KEYNET is a graph-oriented method for document indexing and retrieval. Documents must be annotated with small semantic networks that represent their key concepts. A larger semantic network (part of a subject-specific ontology) determines which node and link types (basic concepts and relations) are considered pertinent to a subject during document retrieval.
The query graph actually used for retrieval may substitute more general or specific concepts for those specified by the user. Retrieval does not match large components of the query graph against whole keynets of documents. Instead, the query graph is fragmented into small probes of bounded size. These fragments are matched against document keynets, and resulting retrieval sets of potentially relevant documents are combined using fragment-oriented weights.
The graph representations, their fragmentation, and post-retrieval merging of document sets associated with distinct fragments naturally introduce a "fuzziness" appropriate to information retrieval notions of relevance, and facilitate use of parallel processing resources (at appropriate stages). Although it was not the inspiration for KEYNET, it is interesting to compare it with human memory. Like human memory it is associative and semantically rich. It is also fault-tolerant: loss of a few probes during retrieval or loss of some of the buckets would make it somewhat harder to find a document but would not prevent it. It accomplishes this fault-tolerance by randomly distributing many index terms for each document throughout the entire index. Human memory is believed to have a similar feature. Human memory is highly parallel, and in the parallel version of the KEYNET system, the index has a fixed size with memories fading rather than abruptly disappearing.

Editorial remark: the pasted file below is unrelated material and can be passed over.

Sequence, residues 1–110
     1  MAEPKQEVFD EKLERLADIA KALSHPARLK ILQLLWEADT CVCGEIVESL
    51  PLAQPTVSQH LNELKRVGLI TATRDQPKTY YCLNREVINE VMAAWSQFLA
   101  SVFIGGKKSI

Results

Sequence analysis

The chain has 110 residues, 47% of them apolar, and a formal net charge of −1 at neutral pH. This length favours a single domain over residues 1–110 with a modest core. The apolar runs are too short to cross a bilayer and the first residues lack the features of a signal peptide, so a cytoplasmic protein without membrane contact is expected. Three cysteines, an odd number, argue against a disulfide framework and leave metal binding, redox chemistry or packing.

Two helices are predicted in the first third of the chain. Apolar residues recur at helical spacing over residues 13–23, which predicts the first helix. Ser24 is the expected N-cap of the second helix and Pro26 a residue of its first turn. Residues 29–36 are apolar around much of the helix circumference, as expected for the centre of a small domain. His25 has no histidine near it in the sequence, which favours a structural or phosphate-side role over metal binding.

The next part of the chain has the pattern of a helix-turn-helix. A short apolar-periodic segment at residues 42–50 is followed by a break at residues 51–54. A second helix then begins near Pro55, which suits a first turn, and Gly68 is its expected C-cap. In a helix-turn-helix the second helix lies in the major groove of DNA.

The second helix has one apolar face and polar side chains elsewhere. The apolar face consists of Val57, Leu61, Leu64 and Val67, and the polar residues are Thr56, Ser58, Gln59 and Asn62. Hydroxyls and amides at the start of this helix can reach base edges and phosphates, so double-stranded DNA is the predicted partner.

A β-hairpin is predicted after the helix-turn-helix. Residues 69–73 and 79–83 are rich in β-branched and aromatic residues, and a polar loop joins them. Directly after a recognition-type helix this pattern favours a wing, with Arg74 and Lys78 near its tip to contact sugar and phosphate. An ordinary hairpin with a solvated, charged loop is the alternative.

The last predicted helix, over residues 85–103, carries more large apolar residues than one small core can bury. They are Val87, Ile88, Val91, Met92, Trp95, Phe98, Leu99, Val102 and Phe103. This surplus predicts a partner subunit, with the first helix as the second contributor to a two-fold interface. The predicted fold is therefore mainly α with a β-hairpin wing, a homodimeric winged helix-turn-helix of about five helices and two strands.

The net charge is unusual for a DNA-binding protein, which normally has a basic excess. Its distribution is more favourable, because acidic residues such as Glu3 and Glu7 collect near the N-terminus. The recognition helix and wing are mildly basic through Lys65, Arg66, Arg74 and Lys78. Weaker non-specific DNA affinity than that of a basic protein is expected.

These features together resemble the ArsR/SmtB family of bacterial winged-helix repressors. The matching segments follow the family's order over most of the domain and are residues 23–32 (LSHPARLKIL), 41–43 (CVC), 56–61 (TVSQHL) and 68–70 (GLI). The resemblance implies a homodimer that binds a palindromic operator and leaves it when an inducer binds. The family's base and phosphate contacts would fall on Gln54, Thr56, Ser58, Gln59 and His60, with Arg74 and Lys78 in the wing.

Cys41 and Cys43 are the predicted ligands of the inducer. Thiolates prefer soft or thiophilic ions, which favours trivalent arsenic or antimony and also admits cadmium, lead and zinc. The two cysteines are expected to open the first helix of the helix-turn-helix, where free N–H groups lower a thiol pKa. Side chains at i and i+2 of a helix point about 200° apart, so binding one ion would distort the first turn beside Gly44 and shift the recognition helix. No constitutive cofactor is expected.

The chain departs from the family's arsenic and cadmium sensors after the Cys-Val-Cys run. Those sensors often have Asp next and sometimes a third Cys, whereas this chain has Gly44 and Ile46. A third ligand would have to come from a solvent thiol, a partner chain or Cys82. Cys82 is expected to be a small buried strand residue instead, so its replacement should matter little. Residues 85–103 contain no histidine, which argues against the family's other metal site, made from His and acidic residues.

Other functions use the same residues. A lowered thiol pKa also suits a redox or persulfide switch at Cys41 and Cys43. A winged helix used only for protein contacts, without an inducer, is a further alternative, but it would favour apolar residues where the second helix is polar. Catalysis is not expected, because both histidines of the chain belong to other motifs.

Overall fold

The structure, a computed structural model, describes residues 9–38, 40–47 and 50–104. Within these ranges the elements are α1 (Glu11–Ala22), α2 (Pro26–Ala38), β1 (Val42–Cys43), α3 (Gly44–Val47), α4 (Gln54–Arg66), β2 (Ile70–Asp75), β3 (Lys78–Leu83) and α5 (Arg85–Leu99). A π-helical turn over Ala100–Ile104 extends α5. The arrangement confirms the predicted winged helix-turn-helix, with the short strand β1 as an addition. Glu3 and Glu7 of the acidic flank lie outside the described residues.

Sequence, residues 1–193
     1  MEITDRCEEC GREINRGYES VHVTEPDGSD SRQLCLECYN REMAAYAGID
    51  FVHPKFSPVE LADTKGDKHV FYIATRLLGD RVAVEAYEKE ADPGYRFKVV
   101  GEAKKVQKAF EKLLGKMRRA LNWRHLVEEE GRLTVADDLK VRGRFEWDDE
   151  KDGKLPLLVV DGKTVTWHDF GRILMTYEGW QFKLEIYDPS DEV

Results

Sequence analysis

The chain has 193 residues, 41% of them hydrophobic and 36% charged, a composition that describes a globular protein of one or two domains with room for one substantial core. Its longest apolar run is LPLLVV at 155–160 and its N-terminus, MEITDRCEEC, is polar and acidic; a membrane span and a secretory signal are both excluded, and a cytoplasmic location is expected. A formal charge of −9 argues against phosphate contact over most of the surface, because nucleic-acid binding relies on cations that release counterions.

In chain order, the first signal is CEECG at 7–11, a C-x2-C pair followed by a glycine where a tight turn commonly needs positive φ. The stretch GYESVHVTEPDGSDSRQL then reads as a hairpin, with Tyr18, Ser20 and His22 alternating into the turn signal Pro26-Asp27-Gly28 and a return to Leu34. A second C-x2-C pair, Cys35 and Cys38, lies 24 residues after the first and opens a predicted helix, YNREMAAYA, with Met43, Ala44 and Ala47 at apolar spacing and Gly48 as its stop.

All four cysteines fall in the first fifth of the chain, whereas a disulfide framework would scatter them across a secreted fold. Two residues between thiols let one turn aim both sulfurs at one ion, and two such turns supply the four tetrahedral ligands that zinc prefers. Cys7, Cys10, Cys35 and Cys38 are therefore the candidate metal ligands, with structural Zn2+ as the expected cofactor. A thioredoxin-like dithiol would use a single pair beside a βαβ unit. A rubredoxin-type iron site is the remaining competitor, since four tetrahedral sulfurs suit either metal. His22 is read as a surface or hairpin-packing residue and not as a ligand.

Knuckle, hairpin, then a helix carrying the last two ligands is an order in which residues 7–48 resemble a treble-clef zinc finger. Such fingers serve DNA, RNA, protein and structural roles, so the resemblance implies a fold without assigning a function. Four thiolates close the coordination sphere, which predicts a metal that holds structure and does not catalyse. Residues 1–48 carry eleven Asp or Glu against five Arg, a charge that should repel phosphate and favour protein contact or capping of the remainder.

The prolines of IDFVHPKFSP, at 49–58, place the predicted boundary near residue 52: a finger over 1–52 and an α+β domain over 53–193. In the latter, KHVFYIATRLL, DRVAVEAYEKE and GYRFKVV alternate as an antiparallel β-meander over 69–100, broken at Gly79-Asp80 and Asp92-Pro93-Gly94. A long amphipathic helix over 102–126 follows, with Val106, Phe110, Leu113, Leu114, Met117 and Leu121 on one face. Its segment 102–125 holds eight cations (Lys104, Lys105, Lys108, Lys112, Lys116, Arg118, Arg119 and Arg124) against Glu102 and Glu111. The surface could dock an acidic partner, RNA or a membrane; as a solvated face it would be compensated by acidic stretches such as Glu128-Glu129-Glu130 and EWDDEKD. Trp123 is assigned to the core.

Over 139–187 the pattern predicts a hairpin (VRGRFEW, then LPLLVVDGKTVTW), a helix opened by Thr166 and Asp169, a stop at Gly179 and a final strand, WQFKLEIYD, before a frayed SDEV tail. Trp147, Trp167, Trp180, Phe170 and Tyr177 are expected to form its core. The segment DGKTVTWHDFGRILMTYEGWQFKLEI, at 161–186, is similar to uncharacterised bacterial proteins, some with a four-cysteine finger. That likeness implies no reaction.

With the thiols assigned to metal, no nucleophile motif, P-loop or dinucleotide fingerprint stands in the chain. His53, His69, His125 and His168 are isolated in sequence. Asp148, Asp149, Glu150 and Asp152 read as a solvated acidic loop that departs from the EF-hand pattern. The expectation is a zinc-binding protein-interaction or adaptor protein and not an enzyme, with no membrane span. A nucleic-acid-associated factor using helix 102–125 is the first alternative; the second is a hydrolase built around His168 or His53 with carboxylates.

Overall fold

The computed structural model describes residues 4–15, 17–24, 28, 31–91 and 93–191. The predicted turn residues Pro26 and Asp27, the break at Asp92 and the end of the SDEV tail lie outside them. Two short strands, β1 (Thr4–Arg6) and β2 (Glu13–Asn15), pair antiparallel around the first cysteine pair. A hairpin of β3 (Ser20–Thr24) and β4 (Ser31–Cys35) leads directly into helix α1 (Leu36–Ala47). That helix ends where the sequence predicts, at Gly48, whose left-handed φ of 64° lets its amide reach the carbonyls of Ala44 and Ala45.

The KEYNET system employs a number of optimizations to ensure that it scales up to large document collections and so that it has high performance. Fragmentation combined with pattern associativity of graph structures and linear hashing techniques produces tractable complexity of communications and computation, despite necessary isomorphism testing and index manipulation. The system is therefore compatible with the requirements for search engines needed in proposals for an NII.
The proposed retrieval mechanism can be applied to instances of itself, producing a quasi-encyclopedic classification of documents. The following diagram suggests how one could organize search engines in the NII:
The top-level search engine appears to be a ``hotspot'' in this scheme, but it would not have to be consulted for every query. Most individuals would only use a few search engines and would not need to consult the top-level engine once the locations of these engines were known.
Using currently available technology, each search engine could support collections having one million or more documents. The top-level search engine could, in turn, support one million search engines. The entire structure would therefore index documents having an aggregate storage size of bytes, i.e., 10,000 Terabytes.